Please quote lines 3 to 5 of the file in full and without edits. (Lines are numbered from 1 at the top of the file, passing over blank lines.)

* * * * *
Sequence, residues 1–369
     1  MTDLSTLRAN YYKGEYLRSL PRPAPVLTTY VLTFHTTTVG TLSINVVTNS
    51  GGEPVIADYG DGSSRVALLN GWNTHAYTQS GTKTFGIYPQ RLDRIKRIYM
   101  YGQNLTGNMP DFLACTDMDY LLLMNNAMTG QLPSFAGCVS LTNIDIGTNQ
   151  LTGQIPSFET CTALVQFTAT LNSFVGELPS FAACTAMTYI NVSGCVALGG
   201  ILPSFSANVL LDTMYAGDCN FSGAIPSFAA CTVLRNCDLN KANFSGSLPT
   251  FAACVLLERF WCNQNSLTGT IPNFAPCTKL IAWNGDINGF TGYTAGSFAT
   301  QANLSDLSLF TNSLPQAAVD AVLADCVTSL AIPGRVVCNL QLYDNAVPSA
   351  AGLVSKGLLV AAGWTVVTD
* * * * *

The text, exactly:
    51  GGEPVIADYG DGSSRVALLN GWNTHAYTQS GTKTFGIYPQ RLDRIKRIYM
   101  YGQNLTGNMP DFLACTDMDY LLLMNNAMTG QLPSFAGCVS LTNIDIGTNQ
   151  LTGQIPSFET CTALVQFTAT LNSFVGELPS FAACTAMTYI NVSGCVALGG